UPDATE: July 11, 2019: The story has been updated to include a statement from Netflix indicating none of the products appearing in season three of "Stranger Things" were paid placements.
- More than 100 products appeared in Netflix's third season of the original show "Stranger Things," resulting in over $15 million in advertising value in the first three days of release, according to estimates from Concave Brand Tracking. The findings factor in screen time, logo/name visibility, product discernibility, viewership and cost of traditional TV advertising.
- The top 10 most visible brands were Coca-Cola, Cadillac, Chevrolet, Casio and 7-Eleven, Sharp, Adidas, Pentax, Reebok and Burger King, with Coca-Cola taking nearly $1.5 million of ad value. The figure is conservative as it doesn't factor in account sharing, per Concave.
- The third season of "Stranger Things" contained 1 to 3 times fewer products than many other Netflix shows, such as "House of Cards," "Daredevil" and "The Defenders," however Netflix's record-breaking viewership will generate far more advertising value, with the final episode containing the most brand visibility.
"Stranger Things" is receiving a significant amount of press attention and viewer critique for the over 100 products in the newly released third season, and this report is the first to put a value to the brand integration.
In an email to Marketing Dive, a Netflix spokesperson sought to clear up any confusion over how the appearances of branded products came about.
"None of the brands and products that appear in Stranger Things 3 were paid for or placed by third parties. They're all part of the Duffer Brothers' storytelling, which references 1980s consumer and popular culture."
Product placement overall is receiving renewed attention because of the popularity of streaming shows. However, experts in the marketing industry disagree over whether the term "product placement" refers specifically to a paid integration or can also encompass appearances that aren’t paid for.
"It should erase all doubts in marketers' minds as to the value of doing product placement in Netflix shows," said Dominic Artzrouni, founder of Concave Brand Tracking, in an email to Marketing Dive. "Brands that have relationships with the show will want to pursue them and many more will want to get on board."
Netflix released figures through Twitter reporting 40.7 million household accounts watched the season since its July 4 global launch, which is more than any other content piece on the platform in its first four days, and 18.2 million accounts have already finished the entire season. The streamer counts viewing 70% or more of an episode as one household view.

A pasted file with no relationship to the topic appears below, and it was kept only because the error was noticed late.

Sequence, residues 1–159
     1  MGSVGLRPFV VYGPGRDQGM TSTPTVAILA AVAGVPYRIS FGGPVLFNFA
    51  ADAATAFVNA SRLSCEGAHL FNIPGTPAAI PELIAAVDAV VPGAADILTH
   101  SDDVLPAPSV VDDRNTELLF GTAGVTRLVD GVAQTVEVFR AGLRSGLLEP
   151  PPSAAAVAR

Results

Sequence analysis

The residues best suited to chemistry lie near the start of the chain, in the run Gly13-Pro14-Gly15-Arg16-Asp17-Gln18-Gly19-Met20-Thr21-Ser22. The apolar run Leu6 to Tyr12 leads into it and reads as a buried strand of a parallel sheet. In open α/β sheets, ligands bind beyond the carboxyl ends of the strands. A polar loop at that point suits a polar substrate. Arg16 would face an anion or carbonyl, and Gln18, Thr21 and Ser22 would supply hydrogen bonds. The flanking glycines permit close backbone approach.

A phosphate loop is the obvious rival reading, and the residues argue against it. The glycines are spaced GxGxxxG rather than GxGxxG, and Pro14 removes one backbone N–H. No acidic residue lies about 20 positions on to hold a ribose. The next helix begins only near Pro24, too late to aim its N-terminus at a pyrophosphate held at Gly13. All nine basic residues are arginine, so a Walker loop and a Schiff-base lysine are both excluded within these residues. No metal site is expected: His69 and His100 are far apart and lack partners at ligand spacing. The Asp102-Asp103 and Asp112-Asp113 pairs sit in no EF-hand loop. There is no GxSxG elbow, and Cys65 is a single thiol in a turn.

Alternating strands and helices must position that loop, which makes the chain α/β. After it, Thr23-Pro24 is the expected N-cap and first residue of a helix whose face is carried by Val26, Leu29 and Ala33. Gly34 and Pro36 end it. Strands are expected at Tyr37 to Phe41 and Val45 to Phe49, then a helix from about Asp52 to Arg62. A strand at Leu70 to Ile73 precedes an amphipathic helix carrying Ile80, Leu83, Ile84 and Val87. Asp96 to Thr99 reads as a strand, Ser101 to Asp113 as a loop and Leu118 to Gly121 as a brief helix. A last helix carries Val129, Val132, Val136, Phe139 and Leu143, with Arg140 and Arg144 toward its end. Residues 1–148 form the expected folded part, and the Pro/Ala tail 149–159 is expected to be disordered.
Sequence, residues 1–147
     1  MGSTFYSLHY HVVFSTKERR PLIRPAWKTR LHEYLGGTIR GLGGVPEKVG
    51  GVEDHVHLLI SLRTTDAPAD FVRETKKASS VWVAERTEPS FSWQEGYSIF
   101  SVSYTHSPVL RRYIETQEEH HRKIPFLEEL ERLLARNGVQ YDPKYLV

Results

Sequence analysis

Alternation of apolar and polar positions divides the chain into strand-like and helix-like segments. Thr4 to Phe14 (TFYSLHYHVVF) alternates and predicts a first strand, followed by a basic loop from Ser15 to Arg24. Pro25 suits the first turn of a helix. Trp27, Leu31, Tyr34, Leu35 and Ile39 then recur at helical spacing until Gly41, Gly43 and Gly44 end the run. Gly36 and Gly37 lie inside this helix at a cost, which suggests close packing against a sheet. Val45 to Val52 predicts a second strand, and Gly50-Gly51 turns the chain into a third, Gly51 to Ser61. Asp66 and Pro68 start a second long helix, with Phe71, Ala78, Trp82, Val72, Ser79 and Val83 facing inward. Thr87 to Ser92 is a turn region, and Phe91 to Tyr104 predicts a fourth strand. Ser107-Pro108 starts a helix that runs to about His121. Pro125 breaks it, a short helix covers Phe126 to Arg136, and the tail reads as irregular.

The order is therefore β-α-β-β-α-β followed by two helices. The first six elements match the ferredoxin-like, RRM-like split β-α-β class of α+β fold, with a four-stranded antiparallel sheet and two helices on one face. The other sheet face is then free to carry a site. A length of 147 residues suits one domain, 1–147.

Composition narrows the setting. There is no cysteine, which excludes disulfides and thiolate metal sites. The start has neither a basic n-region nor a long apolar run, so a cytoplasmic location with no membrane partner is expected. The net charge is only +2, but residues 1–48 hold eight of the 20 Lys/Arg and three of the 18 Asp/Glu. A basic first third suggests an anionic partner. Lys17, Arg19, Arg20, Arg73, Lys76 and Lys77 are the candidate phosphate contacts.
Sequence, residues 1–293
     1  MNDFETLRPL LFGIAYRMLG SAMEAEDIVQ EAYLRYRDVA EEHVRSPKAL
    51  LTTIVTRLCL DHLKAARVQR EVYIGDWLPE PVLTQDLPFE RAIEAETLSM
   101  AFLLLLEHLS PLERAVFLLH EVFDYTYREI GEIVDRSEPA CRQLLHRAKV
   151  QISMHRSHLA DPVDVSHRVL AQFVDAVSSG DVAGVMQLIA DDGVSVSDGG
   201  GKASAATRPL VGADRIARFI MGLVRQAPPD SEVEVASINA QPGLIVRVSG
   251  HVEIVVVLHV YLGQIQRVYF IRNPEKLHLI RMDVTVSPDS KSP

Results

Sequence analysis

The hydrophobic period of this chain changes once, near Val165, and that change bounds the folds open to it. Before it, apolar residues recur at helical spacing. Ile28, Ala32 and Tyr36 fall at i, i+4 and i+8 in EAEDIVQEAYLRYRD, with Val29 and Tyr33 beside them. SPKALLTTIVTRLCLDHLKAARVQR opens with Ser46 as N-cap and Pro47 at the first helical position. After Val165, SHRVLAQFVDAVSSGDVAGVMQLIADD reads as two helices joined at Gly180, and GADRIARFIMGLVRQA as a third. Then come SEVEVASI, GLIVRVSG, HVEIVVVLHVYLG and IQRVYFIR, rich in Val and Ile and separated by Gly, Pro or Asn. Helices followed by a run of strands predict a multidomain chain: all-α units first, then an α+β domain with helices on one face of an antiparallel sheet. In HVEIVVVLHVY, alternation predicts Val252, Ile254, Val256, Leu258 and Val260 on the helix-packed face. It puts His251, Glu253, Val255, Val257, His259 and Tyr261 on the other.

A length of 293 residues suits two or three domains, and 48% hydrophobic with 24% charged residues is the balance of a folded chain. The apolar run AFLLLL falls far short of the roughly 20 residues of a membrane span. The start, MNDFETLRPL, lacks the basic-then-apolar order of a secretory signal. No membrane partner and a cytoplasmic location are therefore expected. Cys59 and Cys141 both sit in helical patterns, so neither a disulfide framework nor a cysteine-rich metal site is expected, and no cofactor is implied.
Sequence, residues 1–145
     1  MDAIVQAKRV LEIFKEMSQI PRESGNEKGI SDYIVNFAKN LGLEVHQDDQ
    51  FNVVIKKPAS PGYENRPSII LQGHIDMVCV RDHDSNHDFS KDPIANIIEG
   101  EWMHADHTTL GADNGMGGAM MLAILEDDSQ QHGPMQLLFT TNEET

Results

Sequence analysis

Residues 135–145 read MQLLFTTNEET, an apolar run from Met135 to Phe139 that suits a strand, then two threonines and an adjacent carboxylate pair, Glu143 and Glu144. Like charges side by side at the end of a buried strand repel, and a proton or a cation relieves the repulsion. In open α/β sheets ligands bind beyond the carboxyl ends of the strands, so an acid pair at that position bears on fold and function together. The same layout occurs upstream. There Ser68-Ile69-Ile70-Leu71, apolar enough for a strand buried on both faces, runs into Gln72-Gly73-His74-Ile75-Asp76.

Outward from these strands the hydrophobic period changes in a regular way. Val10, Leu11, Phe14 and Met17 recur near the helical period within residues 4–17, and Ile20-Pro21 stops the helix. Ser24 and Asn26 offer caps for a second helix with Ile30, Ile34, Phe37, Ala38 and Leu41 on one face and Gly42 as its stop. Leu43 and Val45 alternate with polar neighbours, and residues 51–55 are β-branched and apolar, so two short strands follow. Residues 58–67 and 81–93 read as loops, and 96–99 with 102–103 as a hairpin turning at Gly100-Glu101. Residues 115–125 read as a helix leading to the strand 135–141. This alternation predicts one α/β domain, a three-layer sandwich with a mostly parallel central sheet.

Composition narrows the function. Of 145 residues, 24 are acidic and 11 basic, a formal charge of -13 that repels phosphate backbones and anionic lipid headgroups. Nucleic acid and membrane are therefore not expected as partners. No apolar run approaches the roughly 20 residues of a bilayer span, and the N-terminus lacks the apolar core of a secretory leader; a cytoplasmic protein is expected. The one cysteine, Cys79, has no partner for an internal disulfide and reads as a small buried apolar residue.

Many brands have partnered with the popular show for co-promotional strategies, including Coca Cola, Adidas, Reebok and Burger King. Burger King's upside down Whoppers promotion and Coke's resurrection of the failed "New Coke" from the '80s made waves even before the season release.
Coca-Cola was the most mentioned "Stranger Things" partner out of over 102,532 online fan conversations, accounting for 54% of total chatter in the two months leading up to the premiere through 96 hours post-premiere, per a press release from audience insights firm Fizziology shared with Marketing Dive. Nike, Baskin Robbins and Burger King were shown to be the next most mentioned brands.
High viewership and brand partnerships for "Stranger Things" comes at a good time for Netflix amid news about the streaming platform losing high-viewership legacy content like "Friends" and "The Office." Industry experts speculate that Netflix cannot continue financially without offering ad-supported content, as the streaming giant faces competition from WarnerMedia, Apple, HBO and others expected to enter the streaming space in the next two years.
Other original Netflix content features branded products, such as Samsung in "House of Cards" and Lavazza in "Comedians in Cars Getting Coffee." Netflix has not announced a switch to ad-supported model: almost a quarter of viewers would leave the platform if it did so, according to Hub Research.